The initial stage of the loss of affixal past participle marking and its relation to ablaut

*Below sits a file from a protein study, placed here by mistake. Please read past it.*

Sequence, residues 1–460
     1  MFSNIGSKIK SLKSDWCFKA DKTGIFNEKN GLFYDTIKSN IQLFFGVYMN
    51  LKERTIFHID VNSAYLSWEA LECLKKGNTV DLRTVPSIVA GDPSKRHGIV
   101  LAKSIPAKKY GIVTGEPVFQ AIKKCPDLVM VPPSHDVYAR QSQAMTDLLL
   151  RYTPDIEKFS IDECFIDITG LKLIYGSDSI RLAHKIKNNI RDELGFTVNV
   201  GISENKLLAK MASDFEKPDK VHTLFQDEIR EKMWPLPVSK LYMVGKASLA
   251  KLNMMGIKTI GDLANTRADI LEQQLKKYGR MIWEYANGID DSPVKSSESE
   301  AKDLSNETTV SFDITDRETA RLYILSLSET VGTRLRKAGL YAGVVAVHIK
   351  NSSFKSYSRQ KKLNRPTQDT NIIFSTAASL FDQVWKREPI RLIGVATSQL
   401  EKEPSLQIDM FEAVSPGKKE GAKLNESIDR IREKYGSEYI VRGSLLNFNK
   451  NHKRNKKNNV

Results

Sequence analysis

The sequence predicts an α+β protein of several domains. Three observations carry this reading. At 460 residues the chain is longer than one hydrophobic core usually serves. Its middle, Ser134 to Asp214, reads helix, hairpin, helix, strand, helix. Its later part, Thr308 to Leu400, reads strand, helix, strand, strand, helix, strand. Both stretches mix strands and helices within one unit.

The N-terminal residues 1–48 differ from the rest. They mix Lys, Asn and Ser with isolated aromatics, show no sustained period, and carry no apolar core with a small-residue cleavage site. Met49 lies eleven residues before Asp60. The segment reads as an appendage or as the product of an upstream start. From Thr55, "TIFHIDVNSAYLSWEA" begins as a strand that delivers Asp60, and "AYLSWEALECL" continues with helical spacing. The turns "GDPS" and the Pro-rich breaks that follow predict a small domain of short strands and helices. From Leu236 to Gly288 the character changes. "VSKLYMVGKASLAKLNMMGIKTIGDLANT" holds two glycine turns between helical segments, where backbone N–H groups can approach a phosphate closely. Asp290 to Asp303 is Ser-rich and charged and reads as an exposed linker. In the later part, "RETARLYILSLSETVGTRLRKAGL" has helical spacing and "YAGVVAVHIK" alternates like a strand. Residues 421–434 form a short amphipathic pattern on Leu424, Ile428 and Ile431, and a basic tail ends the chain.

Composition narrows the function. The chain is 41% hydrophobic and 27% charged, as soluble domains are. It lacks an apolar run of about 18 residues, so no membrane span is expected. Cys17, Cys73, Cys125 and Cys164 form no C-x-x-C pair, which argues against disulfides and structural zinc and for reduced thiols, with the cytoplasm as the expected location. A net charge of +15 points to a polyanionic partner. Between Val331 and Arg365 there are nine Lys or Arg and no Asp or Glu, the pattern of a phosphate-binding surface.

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The Old English past participle form exhibited a redundant marking because apart from the attachment of the dental or nasal suffix, the past participles quite regularly attached the prefix ge-. Thus, Old English past participles of weak verbs were marked with two affixes, while those of strong verbs displayed an additional marker in the form of the vowel altemation (ablaut). The subsequent changes in the language resulted in the elimination of prefixal marking, leaving a suffix and occasional ablaut as markers of the form in the Present-Day English. The loss of the prefix ge- is usually assigned to various periods of Middle English ( e.g., Skeat 1912: 21; Mossé 1952: 80; Mincoff 1972: 284, Pyles—Algeo 1993: 161; and others) although some hypotheses suggest that the process was initiated earlier. While some scholars merely point out that already in Old English the attachment of the prefix was not regular (cf. Limar 1963: 170 and Reszkiewicz 1998: 42), Lass (1992: 147) claims that ge- “began to drop in Old English as early as the tenth century, especially in Northumbrian”. As the examination of the Old English sources shows, the prefixless forms are indeed present in the Northumbrian texts with a slightly increasing frequency towards the end of Old English. Still, the most numerous occurrence of the past participles lacking the prefix ge- is detected in the Mercian text, the gospel by Matthew from The Rushworth Gospels ( Wojtys 2008: 42-43). Thus, it seems that the elimination of redundant past participle marking was initiated in the central Anglian area rather than Northumbrian.
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